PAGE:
Earlier this week, we discussed information about moose living in North America. You can go here to check it out. Today, we are going to be diving into some evolutionary history of the species Alces alces.
You may know that today, moose live in Northern North America, but that wasn’t the case for their ancestors. Fossil records show that the predecessors of moose actually originate in Siberia but then gradually moved West across Europe to find warmer climates. Although called by a different name, the Irish elk (Cervus megaceros) is the most abundant in the fossil record (Europeans call mosse “elk”, coming from a Greek word). While seeming to have the same skeletal structure of modern-day moose and the same division between males and females (males with antlers, females without), the antlers on Irish elk were gigantic.
You can see in the photo that “gigantic” is not an exaggeration. They could reach up to 10 feet across and weigh 100 pounds. The Irish elk went extinct around 10,000 BC, and it is entirely possible that they would have coexisted with human ancestors, though not Homo sapiens. Irish elk fossils have been analyzed and found with what look like wounds from arrows, hinting that they might have been hunted, which isn’t a wild conjecture. This may have even contributed to their eventual extinction. We can compare them to the Woolly Mammoth Just as the warming climate alone didn’t kill Woolly Mammoth, it undoubtedly must have been getting too hot for such a large animal and then hunting dealt a fatal blow.
Less is known about another ancestor of the moose which went extinct around the same time as the Irish Elk: the Stag-Moose (Cervalces scotti). This animal lived in North America and, from all appearances in the fossil record, would have looked like a cross between a moose and an elk. They were larger than modern-day moose but smaller than the Irish elk. It is believed that the Stag-Moose led a very similar lifestyle to moose today, preferring swampy, wet areas to live in, and eating the same types of vegetation.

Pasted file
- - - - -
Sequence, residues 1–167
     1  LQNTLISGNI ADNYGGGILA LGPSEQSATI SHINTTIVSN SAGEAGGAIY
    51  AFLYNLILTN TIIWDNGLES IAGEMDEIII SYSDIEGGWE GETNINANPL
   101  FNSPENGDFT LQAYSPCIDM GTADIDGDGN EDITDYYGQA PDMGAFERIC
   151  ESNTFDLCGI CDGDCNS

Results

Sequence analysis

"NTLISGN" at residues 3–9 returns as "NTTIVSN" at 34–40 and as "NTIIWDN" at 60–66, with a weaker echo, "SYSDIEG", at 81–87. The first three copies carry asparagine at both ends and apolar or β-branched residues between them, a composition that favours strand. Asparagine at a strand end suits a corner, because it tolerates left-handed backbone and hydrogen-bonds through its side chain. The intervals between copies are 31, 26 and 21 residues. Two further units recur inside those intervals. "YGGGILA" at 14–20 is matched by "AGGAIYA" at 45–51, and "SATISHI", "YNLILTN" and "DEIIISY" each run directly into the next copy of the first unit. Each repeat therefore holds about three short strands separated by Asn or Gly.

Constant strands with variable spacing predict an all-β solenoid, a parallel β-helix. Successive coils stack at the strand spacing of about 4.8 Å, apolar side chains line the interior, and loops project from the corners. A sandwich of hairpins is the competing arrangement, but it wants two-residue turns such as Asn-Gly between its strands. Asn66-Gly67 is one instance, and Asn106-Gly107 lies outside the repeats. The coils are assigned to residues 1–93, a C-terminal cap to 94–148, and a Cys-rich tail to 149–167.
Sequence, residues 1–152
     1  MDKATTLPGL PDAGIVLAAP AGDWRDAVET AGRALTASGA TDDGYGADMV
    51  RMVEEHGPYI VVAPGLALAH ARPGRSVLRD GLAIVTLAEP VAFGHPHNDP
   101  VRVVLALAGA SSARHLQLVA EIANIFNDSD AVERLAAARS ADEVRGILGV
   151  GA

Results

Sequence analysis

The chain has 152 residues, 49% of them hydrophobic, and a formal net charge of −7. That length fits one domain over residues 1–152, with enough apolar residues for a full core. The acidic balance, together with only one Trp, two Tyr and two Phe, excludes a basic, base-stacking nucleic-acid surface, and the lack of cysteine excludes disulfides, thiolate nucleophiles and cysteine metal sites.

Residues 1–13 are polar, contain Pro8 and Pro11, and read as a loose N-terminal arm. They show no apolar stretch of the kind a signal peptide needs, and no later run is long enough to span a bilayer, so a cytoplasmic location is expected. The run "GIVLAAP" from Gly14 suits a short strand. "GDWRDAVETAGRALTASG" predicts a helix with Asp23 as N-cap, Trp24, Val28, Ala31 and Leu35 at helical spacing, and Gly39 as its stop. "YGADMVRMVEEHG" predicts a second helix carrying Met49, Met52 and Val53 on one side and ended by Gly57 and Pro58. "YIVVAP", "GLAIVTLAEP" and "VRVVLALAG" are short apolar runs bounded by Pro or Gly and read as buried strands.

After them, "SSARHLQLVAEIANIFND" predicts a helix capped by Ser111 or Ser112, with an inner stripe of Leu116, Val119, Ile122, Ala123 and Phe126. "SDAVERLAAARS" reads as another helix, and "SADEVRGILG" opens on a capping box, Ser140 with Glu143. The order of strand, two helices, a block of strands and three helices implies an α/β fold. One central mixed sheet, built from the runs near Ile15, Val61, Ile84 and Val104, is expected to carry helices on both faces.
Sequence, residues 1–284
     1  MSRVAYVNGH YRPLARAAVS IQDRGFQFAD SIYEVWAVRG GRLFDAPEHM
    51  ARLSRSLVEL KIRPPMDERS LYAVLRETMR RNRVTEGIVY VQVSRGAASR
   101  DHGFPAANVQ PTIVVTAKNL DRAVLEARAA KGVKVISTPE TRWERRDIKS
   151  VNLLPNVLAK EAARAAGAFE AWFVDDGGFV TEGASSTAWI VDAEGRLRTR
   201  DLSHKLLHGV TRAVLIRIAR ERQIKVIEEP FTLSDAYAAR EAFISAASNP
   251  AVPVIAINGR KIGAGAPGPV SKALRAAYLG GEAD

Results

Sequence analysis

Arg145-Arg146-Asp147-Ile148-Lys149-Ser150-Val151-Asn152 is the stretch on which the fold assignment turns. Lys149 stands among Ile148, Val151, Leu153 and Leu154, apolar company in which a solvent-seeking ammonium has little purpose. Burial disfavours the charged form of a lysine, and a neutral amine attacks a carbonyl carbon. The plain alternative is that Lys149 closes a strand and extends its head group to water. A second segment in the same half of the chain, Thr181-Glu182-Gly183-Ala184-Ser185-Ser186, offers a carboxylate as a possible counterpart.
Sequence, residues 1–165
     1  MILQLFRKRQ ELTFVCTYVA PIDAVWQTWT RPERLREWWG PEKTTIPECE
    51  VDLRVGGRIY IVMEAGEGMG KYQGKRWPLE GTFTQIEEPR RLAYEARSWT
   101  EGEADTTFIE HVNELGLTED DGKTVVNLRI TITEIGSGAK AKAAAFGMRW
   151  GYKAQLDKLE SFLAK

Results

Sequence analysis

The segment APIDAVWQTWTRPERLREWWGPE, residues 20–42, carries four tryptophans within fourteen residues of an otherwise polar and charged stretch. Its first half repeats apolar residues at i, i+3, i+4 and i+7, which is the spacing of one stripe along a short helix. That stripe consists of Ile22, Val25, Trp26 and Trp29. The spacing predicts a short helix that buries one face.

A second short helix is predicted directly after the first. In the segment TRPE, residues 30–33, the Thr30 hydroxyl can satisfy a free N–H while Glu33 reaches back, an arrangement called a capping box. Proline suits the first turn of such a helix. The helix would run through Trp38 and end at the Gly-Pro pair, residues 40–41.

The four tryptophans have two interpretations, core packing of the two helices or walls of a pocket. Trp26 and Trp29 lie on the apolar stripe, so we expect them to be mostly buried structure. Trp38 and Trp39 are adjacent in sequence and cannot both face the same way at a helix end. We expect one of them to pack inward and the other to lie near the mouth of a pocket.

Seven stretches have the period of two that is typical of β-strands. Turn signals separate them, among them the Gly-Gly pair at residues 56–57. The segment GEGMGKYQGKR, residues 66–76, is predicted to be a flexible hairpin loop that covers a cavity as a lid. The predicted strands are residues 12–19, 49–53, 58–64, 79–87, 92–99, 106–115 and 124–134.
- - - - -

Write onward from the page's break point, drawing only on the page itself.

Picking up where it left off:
Alces alces have been in North America for about 10 million years, although not in the form we might be able to find today. They were smaller than the Irish Elk but no less impressive. They flourished as larger counterparts alongside the Stag-Moose until 5 million years ago. At this time, the fossil record shows that there was an increase in wolf populations, and the species split into a larger and smaller version of itself. Alces alces antlus was the larger of the two, with wide antlers and heavy fur. They also had sharper teeth than other moose species. Alces alces smallus has smaller antlers and a smaller body. Because of its size, Alces alces smallus existed for only 1.5 million years. Alces alces antlus had a great advantage because their antlers were intimidating and their teeth opened up new avenues for diet. This particular species has led directly into the four sub-species of moose found in North America today.
I hope you found this information interesting. Have something you want to tell us, or do you have a suggestion for a future blog topic? Leave a comment below! Thank you for reading and, until next time, goodbye!
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